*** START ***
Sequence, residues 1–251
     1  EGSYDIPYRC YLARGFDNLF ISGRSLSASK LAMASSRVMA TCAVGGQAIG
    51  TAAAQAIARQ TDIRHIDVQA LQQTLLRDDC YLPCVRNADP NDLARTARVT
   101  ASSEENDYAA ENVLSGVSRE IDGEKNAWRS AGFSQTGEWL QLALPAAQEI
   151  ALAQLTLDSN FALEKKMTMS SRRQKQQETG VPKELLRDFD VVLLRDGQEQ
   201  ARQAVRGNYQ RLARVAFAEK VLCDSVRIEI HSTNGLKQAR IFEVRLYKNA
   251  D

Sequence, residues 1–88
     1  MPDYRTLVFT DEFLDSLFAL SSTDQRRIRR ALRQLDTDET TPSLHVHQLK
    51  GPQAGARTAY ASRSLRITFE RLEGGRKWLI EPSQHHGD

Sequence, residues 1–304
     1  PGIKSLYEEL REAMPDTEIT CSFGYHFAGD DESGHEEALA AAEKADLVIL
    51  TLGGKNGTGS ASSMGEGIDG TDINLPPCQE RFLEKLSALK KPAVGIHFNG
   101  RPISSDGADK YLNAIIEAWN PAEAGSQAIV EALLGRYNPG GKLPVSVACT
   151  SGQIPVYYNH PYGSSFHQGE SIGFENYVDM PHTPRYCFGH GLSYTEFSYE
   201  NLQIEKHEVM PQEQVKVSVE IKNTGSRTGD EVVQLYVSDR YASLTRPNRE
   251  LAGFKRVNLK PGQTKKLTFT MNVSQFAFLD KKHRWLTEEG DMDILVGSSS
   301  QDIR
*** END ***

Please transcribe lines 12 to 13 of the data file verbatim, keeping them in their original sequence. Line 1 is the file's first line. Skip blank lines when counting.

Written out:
     1  PGIKSLYEEL REAMPDTEIT CSFGYHFAGD DESGHEEALA AAEKADLVIL
    51  TLGGKNGTGS ASSMGEGIDG TDINLPPCQE RFLEKLSALK KPAVGIHFNG